Sir Philip Sidney is one of the most important authors of the Elizabethan era. He died at the age of 31 and in that time wrote the first great English novel, the Arcadia; the first major Petrarchan sonnet-sequence in English, the Astrophil and Stella; and the first important English critical text, the Defence of Poesy. His short life was extraordinarily eventful. He was the son of the Viceroy of Ireland and the nephew and heir of the
Queen's favourite, the Earl of Leicester. At 17 he began a three-year tour of Europe, during which he was received at the Court of France, decorated by the French King, and got caught up in the St Bartholomew's Massacre. At 22 he was chosen by the Queen as her representative on a diplomatic mission to the new Emperor, Rudolph II,
in Vienna. At 30 he nearly left with Drake for the New World, but was sent instead to the Netherlands as part of English aid in their defensive war against the Spaniards. There he became Governor of Flushing, one of the three Dutch cautionary towns granted to England. At 31 he took the field and captured the town of Axel in a spectacular raid. A few months later he was wounded in a battle outside Zutphen, and died of gangrene in October of 1586. During his lifetime he corresponded with a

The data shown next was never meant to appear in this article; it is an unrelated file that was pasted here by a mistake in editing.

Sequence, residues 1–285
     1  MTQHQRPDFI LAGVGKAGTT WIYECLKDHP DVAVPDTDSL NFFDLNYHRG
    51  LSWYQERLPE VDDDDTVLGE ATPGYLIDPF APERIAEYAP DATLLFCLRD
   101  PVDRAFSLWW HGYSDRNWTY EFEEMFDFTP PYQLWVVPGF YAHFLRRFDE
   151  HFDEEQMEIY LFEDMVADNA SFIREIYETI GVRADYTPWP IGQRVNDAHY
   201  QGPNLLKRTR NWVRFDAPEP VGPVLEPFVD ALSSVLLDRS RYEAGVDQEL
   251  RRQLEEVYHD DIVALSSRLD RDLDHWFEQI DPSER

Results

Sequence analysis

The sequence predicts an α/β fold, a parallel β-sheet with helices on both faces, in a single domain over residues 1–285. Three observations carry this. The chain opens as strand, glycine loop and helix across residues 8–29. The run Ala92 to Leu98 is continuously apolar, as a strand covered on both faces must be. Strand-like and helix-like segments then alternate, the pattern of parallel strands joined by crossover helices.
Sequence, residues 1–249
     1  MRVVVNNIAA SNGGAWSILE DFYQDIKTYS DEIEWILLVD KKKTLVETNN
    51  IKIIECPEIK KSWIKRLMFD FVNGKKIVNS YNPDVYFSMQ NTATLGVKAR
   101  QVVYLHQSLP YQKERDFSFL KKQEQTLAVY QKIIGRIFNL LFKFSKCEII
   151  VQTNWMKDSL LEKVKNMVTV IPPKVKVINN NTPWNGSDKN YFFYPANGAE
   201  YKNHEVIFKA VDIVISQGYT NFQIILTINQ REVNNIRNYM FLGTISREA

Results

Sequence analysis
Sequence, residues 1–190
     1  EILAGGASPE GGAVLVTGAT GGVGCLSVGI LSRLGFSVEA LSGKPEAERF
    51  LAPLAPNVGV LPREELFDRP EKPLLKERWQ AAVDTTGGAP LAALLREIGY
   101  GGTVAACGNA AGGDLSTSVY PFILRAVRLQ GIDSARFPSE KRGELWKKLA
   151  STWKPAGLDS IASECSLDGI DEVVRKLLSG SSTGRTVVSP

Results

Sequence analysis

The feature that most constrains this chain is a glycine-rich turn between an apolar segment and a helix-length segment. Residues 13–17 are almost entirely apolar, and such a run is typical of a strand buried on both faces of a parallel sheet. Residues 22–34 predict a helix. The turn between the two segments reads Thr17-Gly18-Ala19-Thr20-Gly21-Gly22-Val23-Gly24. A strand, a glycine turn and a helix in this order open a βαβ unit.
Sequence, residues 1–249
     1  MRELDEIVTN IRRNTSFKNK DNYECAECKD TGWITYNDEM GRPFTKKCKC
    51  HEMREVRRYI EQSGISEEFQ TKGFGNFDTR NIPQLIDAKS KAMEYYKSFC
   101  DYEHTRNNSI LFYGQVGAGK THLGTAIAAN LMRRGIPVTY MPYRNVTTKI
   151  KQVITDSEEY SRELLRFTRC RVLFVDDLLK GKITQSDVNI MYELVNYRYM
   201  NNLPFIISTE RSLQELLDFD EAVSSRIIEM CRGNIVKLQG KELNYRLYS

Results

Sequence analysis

large number of learned and public figures all over Europe, from Clusius the Imperial botanist to Ralph Lane the Governor of Virginia (who wanted Sidney to succeed him), from Dom Antonio the Portuguese pretender to Hubert Languet, Sidney's guide and mentor. This correspondence, which has never been
published in full before, provides a fascinating glimpse of the workings of Elizabethan life and politics. Nearly four hundred letters are included here, with translations where necessary. The letters are accompanied by a detailed introduction discussing Sidney's life and the writing, sending, receiving, and reading of personal letters in the sixteenth-century, a textual introduction, biographical sketches of the correspondents, and explanatory notes.